"Though the general elevation of the parish is considerable, it contains no lofty mountains, and the heights which diversify its surface consist chiefly of craggy hills, which partake of the geological character of the surrounding district ....
In the lower district of the parish, soil is in general tolerably fertile; and, though in many places thin and sandy, where judiciously managed, yields rich and luxuriant crops of grain. A large proportion of the surface consists of fine old pasture, which furnishes a kindly and often highly profitable nourishment to the herds of black-cattle for which the district is famous....
The number of acres may be stated in round numbers at 20,000 of which 8,000 are either cultivated or occasionally in tillage. A great portion of the remainder is used as pasture for black-cattle or sheep, while a considerable tract is included under the names of bogs, mosses, and muirs. The wood covers perhaps 400 or 500 acres. Of the uncultivated land a large proportion lies in the northern district of the parish; and there are many hundred acres in that quarter capable of yielding a very profitable return to an enterprising capitalist....
The nearest market town is afforded by the thriving little town of Castle Douglas, which lies about six miles southwest of the village of Kirkpatrick. There is a postoffice at the village, and a daily delivery and dispatch...
The amount of the population residing in the different villages may be thus estimated: In Kirkpatrick-Durham - 500; In Bridge of Orr - 47; In Crocketford, (so far as connected with this parish) - 88. Total amount of population in villages - 635; Total in country - 852; Total amount of population - 1487....
It is bounded by the parishes of Urr and Crossmichael, on the south; by Parton and Balmaclellan, on the west; by Glencairn and Dunscore, on the north; and by Holywood and Kirkpatrick Irongray, on the east....."
Rev. George Greig, Minister, New Statistical Account, Blackwood.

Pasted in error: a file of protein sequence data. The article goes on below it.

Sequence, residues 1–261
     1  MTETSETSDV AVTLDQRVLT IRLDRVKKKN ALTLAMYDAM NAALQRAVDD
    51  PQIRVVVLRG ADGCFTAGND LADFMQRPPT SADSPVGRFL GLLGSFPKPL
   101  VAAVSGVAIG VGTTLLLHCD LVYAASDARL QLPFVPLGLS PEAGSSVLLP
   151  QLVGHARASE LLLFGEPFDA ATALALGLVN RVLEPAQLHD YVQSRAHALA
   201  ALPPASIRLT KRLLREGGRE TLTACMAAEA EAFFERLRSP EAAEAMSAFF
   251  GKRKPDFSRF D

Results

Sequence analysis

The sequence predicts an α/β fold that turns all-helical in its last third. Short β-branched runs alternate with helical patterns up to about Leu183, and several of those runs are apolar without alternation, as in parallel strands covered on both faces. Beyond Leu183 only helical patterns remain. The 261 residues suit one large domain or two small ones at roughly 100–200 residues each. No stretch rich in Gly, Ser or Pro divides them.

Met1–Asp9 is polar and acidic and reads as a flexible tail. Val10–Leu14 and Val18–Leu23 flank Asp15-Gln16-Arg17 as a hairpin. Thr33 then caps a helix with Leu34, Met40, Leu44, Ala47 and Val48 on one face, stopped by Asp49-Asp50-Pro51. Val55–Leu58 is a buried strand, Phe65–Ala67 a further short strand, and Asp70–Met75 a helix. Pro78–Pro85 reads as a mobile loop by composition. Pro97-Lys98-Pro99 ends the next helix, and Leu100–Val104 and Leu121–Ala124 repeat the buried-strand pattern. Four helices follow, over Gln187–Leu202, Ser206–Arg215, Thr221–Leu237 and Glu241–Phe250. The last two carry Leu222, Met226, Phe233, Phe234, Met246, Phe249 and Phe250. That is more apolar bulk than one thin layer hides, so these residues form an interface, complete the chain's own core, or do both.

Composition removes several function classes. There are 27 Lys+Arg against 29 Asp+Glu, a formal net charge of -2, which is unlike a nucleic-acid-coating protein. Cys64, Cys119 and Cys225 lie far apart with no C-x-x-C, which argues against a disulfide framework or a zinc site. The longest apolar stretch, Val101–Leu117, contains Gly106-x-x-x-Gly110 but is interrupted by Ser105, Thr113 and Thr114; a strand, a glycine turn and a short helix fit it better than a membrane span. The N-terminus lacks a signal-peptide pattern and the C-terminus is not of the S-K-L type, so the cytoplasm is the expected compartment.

History, Kirkcudbrightshire: The New Statistical Account of Scotland, 2nd Series, W Blackwood, 1845.
History, Kirkcudbrightshire: Rev. William A. Stark, The Book of Kirkpatrick - Durham, Kirkcudbrightshire (Castle-Douglas:Adam Rae, 1903) filmed copy in LDS library collection.
The Church Yard of Kirkpatrick Durham has had pre-1855 monumental inscriptions transcribed and indexed. The index and transcribed inscriptions are included in a series of volumes that cover all of Kirkcudbrightshire. Kirkpatrick Durham is in volume 4. Refer to the county page for additional details.
"The church is situated in the southern extremity of the parish. It was built in 1748 , and bears all the marks of its early date....
Before the late secession from the Establishment, the numbers connected with the different religious societies might have been stated as follows; Established Church, 1284; Dissenters and Seceders, 158; Episcopalians, 12; Roman Catholic, 12. Among the Dissenters and Seceders in the preceding table, are included two aged individuals, a man and a woman, resident at Crocketford, the last venerable remnant of a fanatical sect, the followers of a woman named Buchan, who arose in Aryshire about forty years ago.....
Crocketford, A Free Church has been lately erected in the village, which is attended by a large proportion of the People."
New Statistical Account, Blackwood.
Church of Scotland records are held at the General Register Office in Edinburgh. Copies of the pairsh register on microfilm may be consulted in LDS Family History Centres around the world. Refer to the county page for additional details.
|Church of Scotland||1693-1854||1694-1704 1837-1854||1837-1842||OPR 874|
Kirk Session Notes: The Kirk Session records for the parish start in 1694, and continue till 1807. (CH2 231)
- The transcription of the section for Kirkpatrick Durham from the National Gazetteer (1868) provided by Colin Hinson.
- Ask for a calculation of the distance from Kirkpatrick-Durham to another place.
You can see the administrative areas in which Kirkpatrick-Durham has been placed at times in the past. Select one to see a link to a map of that particular area.
Chapter IX from the book, Kirkpatrick-Durham provides some information on the state of affairs in the region in the eighteenth century.
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